On Choosing a Topic
Three main ideas were shuttled around in our group: the new Math SOL tests, the digital divide, and attracting minorities to the teaching profession. We chose the digital divide, as it primarily affects students in families with low incomes.
In my field, it’s something I see, as I work with teachers who report back on the inequity of access students have beyond our school walls with technology. Specifically, we’re talking about access to computers, mobile devices, and reliable, high-speed Internet.
Several folks in our group have been “working” on this issue in their roles as leaders – I was interested in hearing one contributor talk about using federal or state grant money to set up access to computers after school, along with transportation. As we continued our discussion of this issue, we began brainstorming ways to advocate for students affected by the digital divide, whether it be to offer inexpensive computers for sale, petitioning the local government for providing low-cost, reliable internet access, or extending the availability of technology already in our schools.
I believe we narrowed our focus on to how specifically we could help these students. I think everyone saw value in having access to technology, whether it was for helping prepare them for a college career, to perform better in school today, or to acquire 21st century skills. One member of my group works for a school division that provides laptops to each student–so I think we had a range of student experiences from which to work.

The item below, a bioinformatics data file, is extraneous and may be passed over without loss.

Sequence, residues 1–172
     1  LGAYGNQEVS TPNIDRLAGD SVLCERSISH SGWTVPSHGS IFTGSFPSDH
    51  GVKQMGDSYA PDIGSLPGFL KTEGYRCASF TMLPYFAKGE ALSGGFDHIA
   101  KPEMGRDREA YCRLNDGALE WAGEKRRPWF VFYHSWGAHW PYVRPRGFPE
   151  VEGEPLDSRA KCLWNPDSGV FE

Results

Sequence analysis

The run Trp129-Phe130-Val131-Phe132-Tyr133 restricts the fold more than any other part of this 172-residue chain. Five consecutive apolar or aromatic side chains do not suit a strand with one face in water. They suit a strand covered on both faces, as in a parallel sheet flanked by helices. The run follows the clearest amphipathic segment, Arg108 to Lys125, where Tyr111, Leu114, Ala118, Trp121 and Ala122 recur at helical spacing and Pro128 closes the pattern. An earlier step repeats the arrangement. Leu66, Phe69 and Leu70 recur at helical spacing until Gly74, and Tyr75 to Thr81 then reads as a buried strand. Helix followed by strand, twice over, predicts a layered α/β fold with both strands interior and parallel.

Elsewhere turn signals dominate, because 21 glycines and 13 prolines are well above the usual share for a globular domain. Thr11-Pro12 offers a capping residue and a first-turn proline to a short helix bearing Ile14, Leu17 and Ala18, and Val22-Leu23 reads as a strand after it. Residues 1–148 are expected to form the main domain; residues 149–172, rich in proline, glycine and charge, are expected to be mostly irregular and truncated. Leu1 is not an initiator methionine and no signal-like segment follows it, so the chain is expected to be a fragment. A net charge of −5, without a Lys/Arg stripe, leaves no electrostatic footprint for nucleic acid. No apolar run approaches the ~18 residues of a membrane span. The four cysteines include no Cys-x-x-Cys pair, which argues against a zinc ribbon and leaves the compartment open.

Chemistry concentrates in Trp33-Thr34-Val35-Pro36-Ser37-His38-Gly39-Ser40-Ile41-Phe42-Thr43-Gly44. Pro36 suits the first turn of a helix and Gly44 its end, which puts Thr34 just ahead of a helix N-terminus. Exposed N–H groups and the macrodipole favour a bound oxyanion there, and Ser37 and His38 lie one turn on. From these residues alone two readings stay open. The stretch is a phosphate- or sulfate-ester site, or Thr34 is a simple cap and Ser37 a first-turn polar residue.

The issue may be summarized in the following graphical “fishbone” organizer:
Likely the most obvious cause for the digital divide is the economic factor. Food, clothes, and shelter will always trump a computer with wifi or high-speed access at home. One of the reasons school divisions might try a 1:1 program is to “conquer” the digital divide by eliminating the economic aspect of the issue. In this case, technology is seen as too much of a luxury for it to be provided. This would include data plans on “smart” phones, broadband or even “dial-up” access, or a reliable computing device.
When teachers assume all kids have had equal experiences with technology, or have equal access at home, it can affect the effects of the digital divide. Imagine the student who has access to “Google” at home and the student who does not. That child has access to a whole world of information that the other does not. This advantage has the potential to make an inequitable learning opportunity when we, as educators, assume students and by extension, families have access to information and computing resources at home.
I imagine affording technology hardware and software isn’t the only hurdle. In the US, we have to pay for access to the Internet as well. I am thinking of a study that was done that showed increased productivity and economic development in rural areas when high speed internet was brought-in. Families may be able to afford technology (such as an X Box) but it’s a different experience when devices are connected to the Internet.
One’s physical location may preclude them from having the same access as others. In my community, certain areas are “well covered” with broadband access, while others are not. This may not be economic, but the disadvantage in living in a sparsely populated area.